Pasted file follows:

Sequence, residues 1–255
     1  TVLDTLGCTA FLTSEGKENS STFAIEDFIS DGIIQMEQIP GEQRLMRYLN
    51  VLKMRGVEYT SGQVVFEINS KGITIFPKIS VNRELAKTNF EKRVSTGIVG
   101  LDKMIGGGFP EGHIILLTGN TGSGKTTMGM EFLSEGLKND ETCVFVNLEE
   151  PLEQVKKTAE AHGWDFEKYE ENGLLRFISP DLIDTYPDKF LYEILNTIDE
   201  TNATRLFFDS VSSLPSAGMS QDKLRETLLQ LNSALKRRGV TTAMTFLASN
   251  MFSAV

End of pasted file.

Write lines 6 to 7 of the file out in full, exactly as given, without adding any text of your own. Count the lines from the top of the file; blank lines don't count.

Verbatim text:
   201  TNATRLFFDS VSSLPSAGMS QDKLRETLLQ LNSALKRRGV TTAMTFLASN
   251  MFSAV